Income inequality is a major roadblock to economic and social prosperity in South Africa

The Gauteng Provincial Government (GPG) hosted a jobs fair across the province in a bid to address unemployment. Picture: Bhekikhaya Mabaso / African News Agency (ANA)

The Gauteng Provincial Government (GPG) hosted a jobs fair across the province in a bid to address unemployment. Picture: Bhekikhaya Mabaso / African News Agency (ANA)

Published Jun 30, 2023


By Lemeese Steyn

The apartheid government utilised racial capitalism to stimulate white supremacy, racial exploitation, and the accumulation of capital.

Although racial capitalism developed industrial labour, this exploitative mechanism marginalised the working class and established a racial hierarchy. The intertwined relationship of race, gender and class led to the creation of inequalities through the exploitation of black workers’ labour and black South Africans were economically subjected to racial discrimination.

It also stems from a long history of racialised dispossession in urban planning and a labour market divided by race, gender and class inequalities.

Economic inequalities in Black and Coloured communities are stimulated through systematic racism. The homeless and jobless are expected to survive with an R350 Covid grant to sustain their essential needs throughout the month.

Racial capitalism in South Africa emerges from the mutual dependence on racism and capitalism, which leads to human rights violations. But, this oppression increased even more in post-apartheid South Africa.

The unemployment virus which is 32.9% rules the lives of young South Africans, limiting their ability to participate in economic activities and entrepreneurship.

Racial capitalism socially constructed race and class struggles hence Black communities experience social and economic injustices in post-apartheid South Africa.

In South Africa, racial capitalism was not based on a conflict between owners of industrial production and the working class, but it was based on White minorities ruling over Black livelihoods.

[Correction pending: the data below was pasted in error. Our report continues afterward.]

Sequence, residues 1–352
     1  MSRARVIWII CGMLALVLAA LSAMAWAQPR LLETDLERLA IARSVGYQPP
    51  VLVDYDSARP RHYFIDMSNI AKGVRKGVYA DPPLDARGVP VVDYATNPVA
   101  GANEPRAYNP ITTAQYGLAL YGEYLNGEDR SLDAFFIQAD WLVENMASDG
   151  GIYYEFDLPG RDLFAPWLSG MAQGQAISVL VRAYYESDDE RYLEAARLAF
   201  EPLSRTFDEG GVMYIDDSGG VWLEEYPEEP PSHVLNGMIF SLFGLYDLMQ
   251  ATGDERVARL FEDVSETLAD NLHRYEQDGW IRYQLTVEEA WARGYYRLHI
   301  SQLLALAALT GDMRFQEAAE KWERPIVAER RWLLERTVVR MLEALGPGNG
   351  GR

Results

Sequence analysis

I draw this from Harold Wolpe work on racial capitalism in the South African context. One could argue that the accumulation of capital was produced through the economic expropriation of Black communities, utilised as subjects to extensively participate in cheap labour.

For example, Black and White South African’s economic ownership of manufactured products varies where white capitalist demands unlimited labour power to increase profits and Black individuals are required to participate in precarious jobs to meet the demands of the white capitalist state.

Income inequality and unemployment in South Africa also influenced a recent strike in the Westbury community where residents pleaded for economic, political and social opportunities. One resident stated ‘ It is based on the marginalisation of us, coloured people.

We are objecting all of that. The social ills in our communities are based on the fact that we are marginalised all the time and not given fair opportunities within businesses, for our youth.

We are not included in this, so there is no equal equity in any of this for us. We are here to make a mark today for our voices to being heard. And given equal opportunity in these sectors and areas of business’. Without a doubt, these inequalities play a significant role in chronic poverty and economic exclusion.

The South African labour market is divided into two components including, a capitalist economy ruled by white people and a working class occupied by Black and coloured South Africans.

“Minimum wage is not equivalent to the workers’ daily sustenance needs.”

This is problematic because the minimum wage is not equivalent to the workers’ daily sustenance such as healthcare and basic needs of the poor. A classic example is that economic growth is stagnant, and the labour market has low-skilled jobs which often excludes high school graduates.

Racial capitalism in South Africa also negatively impacts black masculinity where racially marginalised men participate in destructive and vile behaviours that result from economic exclusion. In addition, unemployment also declines their breadwinner status as the head of the household and is often classified as subjugated masculinity.

Employment and money are identified as power and prestige in society because of the glamorous lifestyle employed men can afford.

The majority of South Africans live below the poverty line. This explains the economic and social injustices in South Africa. The South African government should implement an innovative and creative business environment that will increase job creation with the Fourth Industrial Revolution.

This can be achieved through good governance principles and entrepreneurship programs to increase the expertise and productivity of self-employed individuals. There should be an equal distribution of land to eliminate racial inequalities in South Africa.

Racial capitalism in South Africa results from intergenerational exclusion. The working class is economically punished for being poor. This human rights violation deprived Black communities of economic and social value by degrading the underclass.

* Lemeese Ledeen Deandre Steyn is a MA candidate at the University of Johannesburg.

** The views expressed do not necessarily reflect the views of IOL or Independent Media.